Second, Judge Wolfson‘s may be influential in convincing future courts outside of California to adopt the transformative use test. While the Court analyzed the facts under both tests, the Court‘s clear preference was for the transformative use test and its skepticism about the link between trademark law and rights of publicity could discourage future courts from adopting the Rogers test. This preference appears based on the assumptions that there are “common underlying principles shared by the right of publicity and copyright doctrine,” Hart, 2011 WL 4005350, at *14, and that “right of publicity claims do not embody the same likelihood-of-confusion concerns” that the Lanham Act is designed to address, id. at *28. While fully addressing this point is beyond the scope of this short article, it is worth noting that these assumptions are very much open to question. In the Keller appeal, a coalition of media organizations submitted an amicus brief that argues persuasively that rights of publicity and copyright law are not actually analogous, that borrowing from copyright law is premised on a misreading of Zacchini v. Scripps-Howard Broad., 433 U.S. 562 (1977), and that trademark law and right of publicity are in fact closer cousins in the field of intellectual property because they both are concerned with the misuse of names, titles, and brands. See generally Brief Amicus Curiae in Support of Appellants by Advance Publications et al., No. 10-15387, Docket # 26-2 (Sept. 7, 2010).
Third, it is important to remember that the transformative use test is one of a series of First Amendment-related tests used by California courts in right of publicity cases, and was developed specifically to deal with visual depictions of celebrities. As such, it does not necessarily provide a good across-the-board test for balancing First Amendment rights against rights of publicity. In particular, the transformative use test makes an awkward fit for other types of expressive works like biographies, docudramas, and reality TV, where interactivity is not an option and where the creator‘s intention may well be to represent a famous person in his or her real-life context. Despite Judge Wolfson‘s helpful determination that courts should look at the creative expression in a work as a whole rather than the celebrity‘s image in isolation, there remains a risk that courts will continue to impose a requirement of physical transformation of the celebrity‘s image or placement of the celebrity in a counter-factual setting, based on a reading of cases like Kirby v. Sega of America, Inc., 144 Cal. App. 4th 47 (Cal. App. 2006), and No Doubt v. Activision, Inc., 192 Cal. App.4th 1018 (2011).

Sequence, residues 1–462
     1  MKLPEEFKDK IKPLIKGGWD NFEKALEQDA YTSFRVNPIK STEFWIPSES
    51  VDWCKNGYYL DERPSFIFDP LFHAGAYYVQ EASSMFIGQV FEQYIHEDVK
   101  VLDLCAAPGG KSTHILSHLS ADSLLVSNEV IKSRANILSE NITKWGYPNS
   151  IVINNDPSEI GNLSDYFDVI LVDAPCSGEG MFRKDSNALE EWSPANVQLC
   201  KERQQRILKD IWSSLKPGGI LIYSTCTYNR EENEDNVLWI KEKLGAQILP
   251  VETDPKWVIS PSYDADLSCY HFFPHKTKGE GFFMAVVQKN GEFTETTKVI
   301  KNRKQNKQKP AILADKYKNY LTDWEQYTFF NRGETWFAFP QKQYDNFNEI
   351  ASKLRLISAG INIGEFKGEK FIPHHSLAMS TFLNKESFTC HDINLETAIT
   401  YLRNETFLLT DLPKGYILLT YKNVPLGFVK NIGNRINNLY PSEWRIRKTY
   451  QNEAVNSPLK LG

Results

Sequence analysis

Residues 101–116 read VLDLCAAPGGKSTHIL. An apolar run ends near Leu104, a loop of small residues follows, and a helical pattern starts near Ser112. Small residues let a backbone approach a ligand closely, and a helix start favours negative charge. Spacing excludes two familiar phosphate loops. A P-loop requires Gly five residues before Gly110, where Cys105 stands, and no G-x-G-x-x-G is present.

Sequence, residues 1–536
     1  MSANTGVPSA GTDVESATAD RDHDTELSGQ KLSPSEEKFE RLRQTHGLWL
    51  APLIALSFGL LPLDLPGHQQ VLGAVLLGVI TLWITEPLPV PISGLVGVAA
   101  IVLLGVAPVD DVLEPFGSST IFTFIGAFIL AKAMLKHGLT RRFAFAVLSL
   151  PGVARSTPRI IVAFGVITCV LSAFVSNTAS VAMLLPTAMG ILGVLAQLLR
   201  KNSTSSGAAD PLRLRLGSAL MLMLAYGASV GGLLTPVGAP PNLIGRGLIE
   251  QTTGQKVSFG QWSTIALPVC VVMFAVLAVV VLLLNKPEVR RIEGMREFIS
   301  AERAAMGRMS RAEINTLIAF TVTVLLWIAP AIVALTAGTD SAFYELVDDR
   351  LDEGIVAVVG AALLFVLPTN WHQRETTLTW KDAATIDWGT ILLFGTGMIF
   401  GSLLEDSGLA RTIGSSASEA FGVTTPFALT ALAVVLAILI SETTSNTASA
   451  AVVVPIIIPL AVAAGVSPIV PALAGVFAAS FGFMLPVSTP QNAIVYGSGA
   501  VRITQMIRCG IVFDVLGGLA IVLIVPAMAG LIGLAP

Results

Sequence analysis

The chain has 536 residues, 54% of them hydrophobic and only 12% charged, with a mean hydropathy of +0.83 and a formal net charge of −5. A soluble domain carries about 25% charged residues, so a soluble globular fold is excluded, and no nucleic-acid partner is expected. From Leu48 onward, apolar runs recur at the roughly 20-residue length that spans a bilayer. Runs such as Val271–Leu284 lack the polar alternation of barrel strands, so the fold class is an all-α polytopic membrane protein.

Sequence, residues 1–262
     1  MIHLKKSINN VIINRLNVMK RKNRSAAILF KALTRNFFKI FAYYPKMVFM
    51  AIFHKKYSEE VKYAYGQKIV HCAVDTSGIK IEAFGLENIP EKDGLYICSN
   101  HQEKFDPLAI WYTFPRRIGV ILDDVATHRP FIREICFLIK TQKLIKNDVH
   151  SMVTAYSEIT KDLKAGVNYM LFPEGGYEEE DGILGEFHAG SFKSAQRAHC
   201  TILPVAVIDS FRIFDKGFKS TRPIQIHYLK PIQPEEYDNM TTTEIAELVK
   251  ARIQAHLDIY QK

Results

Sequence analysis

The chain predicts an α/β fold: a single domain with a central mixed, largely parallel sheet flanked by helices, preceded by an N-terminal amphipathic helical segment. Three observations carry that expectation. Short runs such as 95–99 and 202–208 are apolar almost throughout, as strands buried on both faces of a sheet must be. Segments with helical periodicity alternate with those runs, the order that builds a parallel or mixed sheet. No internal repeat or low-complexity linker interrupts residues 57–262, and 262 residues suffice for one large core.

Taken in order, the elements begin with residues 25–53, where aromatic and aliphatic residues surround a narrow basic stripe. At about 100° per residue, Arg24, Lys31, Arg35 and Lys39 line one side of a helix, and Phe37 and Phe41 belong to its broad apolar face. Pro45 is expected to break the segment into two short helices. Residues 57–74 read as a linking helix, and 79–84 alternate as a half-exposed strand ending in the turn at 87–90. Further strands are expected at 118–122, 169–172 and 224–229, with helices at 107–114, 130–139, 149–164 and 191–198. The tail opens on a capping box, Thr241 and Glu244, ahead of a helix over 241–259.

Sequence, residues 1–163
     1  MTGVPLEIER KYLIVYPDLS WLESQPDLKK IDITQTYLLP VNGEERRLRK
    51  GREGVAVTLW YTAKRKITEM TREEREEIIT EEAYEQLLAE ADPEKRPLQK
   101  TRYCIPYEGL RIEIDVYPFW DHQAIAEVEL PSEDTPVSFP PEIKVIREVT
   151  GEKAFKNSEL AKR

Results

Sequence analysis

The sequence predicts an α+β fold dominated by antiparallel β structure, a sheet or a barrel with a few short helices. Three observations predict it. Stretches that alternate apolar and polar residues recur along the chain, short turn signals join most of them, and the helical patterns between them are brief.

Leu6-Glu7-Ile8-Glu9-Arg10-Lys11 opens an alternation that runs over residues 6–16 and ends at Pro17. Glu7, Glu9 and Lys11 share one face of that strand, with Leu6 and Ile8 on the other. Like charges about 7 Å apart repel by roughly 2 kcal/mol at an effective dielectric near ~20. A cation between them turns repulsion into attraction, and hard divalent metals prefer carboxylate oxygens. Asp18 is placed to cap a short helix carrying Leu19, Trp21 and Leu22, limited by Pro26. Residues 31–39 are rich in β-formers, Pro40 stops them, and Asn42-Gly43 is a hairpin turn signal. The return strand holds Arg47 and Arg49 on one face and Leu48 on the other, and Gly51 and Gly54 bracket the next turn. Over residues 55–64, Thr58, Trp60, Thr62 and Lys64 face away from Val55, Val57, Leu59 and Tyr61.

Judge Wolfson herself felt obliged to thread a needle between these two cases, stating that this case presented a “closer call” than either of them. Hart, 2011 WL 4005350, at *20. In the same vein, Judge Wolfson expressly warned future game developers in dicta: “a game developer that bases its work on real players in the context of the games that bring them notoriety . . . may walk a fine line between using reality as a building block for the developer‘s own creative work and exploiting the hard-earned reputation of college players for its own profit,” Id. at *20 (emphasis added).
Any across-the-board test for balancing First Amendment and publicity rights has to take into account the strong First Amendment and public interests in creation of expressive works that depict real-life individuals in their real-life contexts, something current readings of the transformative use test – at least in the context of video games – still fail to accomplish. This is one of the strengths of the Rogers test, in that it looks primarily to artistic relevance and does not get caught up in the need to “transform” the celebrity‘s name or likeness, something that may continue to trip up future courts applying the transformative use test.
In the New Jersey action, Electronic Arts is represented by Elizabeth McNamara, Chris Robinson, and Sam Bayard from Davis Wright Tremaine LLP, and Bruce Rosen from McCusker, Anselmi, Rosen & Carvelli, P.C. EA is represented in the 9th Circuit appeal of the Keller decision by Davis Wright Tremaine’s Kelli Sager, Al Wickers, Karen Henry, and Lisa Kohn, and Robert A. Van Nest, Steven A. Hirsch, and R. James Slaughter of Keker & Van Nest, LLP.